Model Law Commission 2018 - Reforming the Mental Health Act 1983 - Keele School of Law and Newcastle-under-Lyme College

Model Law Commission 2018

Reforming the Mental Health Act 1983

Keele School of Law and Newcastle-under-Lyme College

Introduction

At Keele Law School, we are always looking for new and innovative ways to connect with the next generation of students and help with those important decisions that come with studying for awards such as GCSEs, A-Levels, and BTECs.  One thing we believe very strongly is that when making that all important and very personal decision about our pathways through life – to go to university or not – it is most helpful for students to be able to experience university first hand to really be able to understand: is it for me or not?   

Outreach projects like the Model Law Commission allow us to support students in making this important decision and whether it helps an individual know whether university is for them or not, or what type of university they prefer – city or campus – it is a valuable opportunity to get hands on experience of what Higher Education is like.  Long-term projects like the Commission also allow us to help students develop transferable skills, developing their ability to argue, research and communicate both verbally and in writing. 

But most of all, these projects give people like me a chance to meet all of those brilliant individuals who make up the next generation of society, and whether their path leads to university or not, it is honestly a pleasure and a privilege to be able to spend time with them and share my enthusiasm for teaching and law. 

Michael Fay 

Keele, May 2018. 

The Model Law Commission has been fortunate to benefit from the support of two institutions and it goes without saying that thanks are due to both Keele Law School and Newcastle-under-Lyme College

Keele Law School: The Law School prides itself on its distinctive and outwardlooking law degrees. Their courses cover a full spectrum of needs and interests, from the undergraduate to postgraduate levels, and beyond. Truly, law at Keele offers something for everyone.  Throughout their history, the School has produced research delivering world-leading impact and graduates who contribute significantly to their fields, from senior figures within the legal profession, to human rights activists, actors, entrepreneurs and professionals in health and social care. 

For more details see School of Law web pages.

Newcastle-under-Lyme College: Part of Newcastle and Stafford Colleges Group (NSCG), NULC are Staffordshire's leading General Further Education College, with pass rates and student achievement rates amongst the best in the country.  They provide a wide range of academic, vocational and apprenticeship qualifications from entry to degree level, along with the support services to help students achieve their goals.  The College has grown significantly over the past 10 years and is currently home to over 3,800 full-time students and around 450 students on higher education programmes.  They have over 2,600 part-time or adult learners, and 1,500 apprentices where work with around 850 individual employers.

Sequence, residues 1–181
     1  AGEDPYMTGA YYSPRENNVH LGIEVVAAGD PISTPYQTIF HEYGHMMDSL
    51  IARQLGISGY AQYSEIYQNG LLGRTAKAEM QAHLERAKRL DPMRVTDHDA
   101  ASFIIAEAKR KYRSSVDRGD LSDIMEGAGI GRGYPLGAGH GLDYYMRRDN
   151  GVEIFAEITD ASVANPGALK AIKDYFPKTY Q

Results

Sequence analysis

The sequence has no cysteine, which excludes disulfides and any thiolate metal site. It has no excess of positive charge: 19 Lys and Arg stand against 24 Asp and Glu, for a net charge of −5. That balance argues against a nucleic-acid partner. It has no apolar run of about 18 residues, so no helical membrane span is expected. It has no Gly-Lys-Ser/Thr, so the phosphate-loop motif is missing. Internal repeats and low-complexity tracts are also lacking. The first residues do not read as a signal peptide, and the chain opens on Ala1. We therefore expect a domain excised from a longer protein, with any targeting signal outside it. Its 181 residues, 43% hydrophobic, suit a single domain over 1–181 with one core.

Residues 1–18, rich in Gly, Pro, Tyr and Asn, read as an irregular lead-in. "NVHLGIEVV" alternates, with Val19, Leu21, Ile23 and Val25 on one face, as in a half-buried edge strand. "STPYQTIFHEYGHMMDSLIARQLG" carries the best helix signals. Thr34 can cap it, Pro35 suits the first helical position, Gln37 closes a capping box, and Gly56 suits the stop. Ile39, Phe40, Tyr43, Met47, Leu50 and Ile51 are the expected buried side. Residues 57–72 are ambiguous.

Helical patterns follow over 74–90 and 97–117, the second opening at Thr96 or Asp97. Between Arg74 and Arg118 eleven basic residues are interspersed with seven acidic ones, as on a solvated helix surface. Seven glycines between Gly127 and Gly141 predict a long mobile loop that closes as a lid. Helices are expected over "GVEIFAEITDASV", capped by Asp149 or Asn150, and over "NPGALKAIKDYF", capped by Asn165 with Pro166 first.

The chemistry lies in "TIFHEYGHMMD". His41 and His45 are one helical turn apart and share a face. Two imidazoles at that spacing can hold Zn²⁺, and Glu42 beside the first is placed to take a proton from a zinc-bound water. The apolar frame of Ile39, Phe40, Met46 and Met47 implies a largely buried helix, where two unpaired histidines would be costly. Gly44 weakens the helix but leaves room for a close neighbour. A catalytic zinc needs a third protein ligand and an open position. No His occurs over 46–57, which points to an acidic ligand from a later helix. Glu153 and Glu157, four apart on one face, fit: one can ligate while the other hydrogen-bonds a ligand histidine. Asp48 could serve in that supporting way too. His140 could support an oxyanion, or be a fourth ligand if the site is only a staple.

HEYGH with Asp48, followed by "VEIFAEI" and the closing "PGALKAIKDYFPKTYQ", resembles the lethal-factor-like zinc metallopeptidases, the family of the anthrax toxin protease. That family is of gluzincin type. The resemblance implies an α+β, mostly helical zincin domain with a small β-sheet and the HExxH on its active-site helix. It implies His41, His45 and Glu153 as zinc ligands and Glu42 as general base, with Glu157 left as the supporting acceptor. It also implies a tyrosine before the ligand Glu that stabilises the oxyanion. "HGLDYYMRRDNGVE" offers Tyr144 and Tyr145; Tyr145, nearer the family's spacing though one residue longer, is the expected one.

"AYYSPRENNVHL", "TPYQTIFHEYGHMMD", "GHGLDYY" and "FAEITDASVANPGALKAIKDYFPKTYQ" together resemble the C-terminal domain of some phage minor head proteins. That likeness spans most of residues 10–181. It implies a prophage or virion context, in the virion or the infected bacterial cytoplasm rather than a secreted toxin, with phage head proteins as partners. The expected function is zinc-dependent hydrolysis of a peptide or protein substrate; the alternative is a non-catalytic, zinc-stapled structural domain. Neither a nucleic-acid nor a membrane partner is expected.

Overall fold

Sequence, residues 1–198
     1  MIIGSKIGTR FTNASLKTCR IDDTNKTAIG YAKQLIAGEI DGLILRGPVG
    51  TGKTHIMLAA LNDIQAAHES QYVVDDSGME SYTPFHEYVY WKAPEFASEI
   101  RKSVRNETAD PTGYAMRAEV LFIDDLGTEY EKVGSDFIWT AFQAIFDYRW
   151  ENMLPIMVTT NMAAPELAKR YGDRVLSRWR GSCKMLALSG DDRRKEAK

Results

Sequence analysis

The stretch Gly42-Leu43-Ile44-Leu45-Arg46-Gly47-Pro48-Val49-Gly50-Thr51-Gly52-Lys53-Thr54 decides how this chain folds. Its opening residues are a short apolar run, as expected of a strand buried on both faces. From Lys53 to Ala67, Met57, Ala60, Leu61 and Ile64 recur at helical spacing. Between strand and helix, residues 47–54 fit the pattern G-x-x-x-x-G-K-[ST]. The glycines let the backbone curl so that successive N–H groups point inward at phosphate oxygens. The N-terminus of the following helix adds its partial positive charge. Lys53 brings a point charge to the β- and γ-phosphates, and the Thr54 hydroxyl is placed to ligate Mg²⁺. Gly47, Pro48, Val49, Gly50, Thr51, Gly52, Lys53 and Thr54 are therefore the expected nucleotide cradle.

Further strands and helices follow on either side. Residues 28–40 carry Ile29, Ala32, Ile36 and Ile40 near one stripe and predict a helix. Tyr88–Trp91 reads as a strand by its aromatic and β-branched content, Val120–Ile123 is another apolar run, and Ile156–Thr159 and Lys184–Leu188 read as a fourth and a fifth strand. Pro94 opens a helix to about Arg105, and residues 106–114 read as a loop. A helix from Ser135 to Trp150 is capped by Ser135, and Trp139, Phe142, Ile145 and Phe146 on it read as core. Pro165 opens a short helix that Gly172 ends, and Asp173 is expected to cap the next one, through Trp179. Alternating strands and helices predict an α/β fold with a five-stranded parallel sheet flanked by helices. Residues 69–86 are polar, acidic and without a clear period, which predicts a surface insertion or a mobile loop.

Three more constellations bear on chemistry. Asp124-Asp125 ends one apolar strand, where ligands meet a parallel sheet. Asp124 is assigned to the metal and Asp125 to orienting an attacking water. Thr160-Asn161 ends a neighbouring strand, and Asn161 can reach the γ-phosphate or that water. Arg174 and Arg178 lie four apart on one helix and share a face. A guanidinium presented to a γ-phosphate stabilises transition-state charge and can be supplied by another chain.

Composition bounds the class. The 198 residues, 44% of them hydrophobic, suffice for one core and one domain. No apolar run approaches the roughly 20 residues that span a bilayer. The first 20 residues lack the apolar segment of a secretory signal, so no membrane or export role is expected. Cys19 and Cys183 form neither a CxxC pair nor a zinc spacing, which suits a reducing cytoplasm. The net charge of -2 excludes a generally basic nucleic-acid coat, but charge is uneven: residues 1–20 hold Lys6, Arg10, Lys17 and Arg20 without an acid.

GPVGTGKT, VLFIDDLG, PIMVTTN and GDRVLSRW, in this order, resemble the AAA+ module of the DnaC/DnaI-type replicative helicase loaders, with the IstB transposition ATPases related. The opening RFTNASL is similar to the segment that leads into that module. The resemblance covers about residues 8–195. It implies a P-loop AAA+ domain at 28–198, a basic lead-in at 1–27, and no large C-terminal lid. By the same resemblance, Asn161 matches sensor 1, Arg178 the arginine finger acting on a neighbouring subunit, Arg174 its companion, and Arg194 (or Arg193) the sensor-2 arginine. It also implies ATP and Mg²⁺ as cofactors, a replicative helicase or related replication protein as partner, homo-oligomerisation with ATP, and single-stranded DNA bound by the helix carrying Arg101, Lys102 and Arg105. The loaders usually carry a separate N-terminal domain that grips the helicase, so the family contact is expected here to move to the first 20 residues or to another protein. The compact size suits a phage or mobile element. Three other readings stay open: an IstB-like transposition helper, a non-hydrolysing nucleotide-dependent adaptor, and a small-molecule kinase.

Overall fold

For more information on NULC, please visit their website. 

The Model Law Commission is a three-month long project which allows students to get involved in a mock law reform project.  Students simulate the work of the actual Law Commission and spend time learning about areas of law from experts in the field, as well as having the opportunity to hear from policy makers who are involved in the day-to-day review of the law. 

This year the focus of the Model Law Commission was on the Mental Health Act 1983, which is currently being reviewed by the Department of Health and Social Care, so the students work directly mirrors work currently going on in government. 

The Mental Health Act 1983 is a piece of legislation that governs the treatment of people with mental health conditions and contains a great deal of powerful clauses that allow, for example, detention and treatment of people with mental health conditions without consent.  The Act is a very large piece of legislation and so the students focused exclusively on the definition of mental health conditions and the powers to detain people with mental health conditions for assessment and treatment. 

The students spent time learning about the law, debating reforms and building a consultation questionnaire which could be used to further research their proposals and gauge the public’s view.  The results of the students’ research and study is contained in this report; it is entirely in their own words. 

Our Student Commissioners were all A-Level students from Newcastle-under-Lyme College, all of whom were in their first year of study and taking an A-Level in Law.

A project like the Model Law Commission cannot get by without a lot of help and enthusiasm from a considerable number of people, and we are extremely grateful to the following people for all they have done to make this project a reality:

The views expressed in this report are solely the views of the student authors and do not represent the view of any organisation or person identified herein, including guest speakers.

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A copy of the report is not available online at this time, if you wish to receive a copy please contact Michael Fay.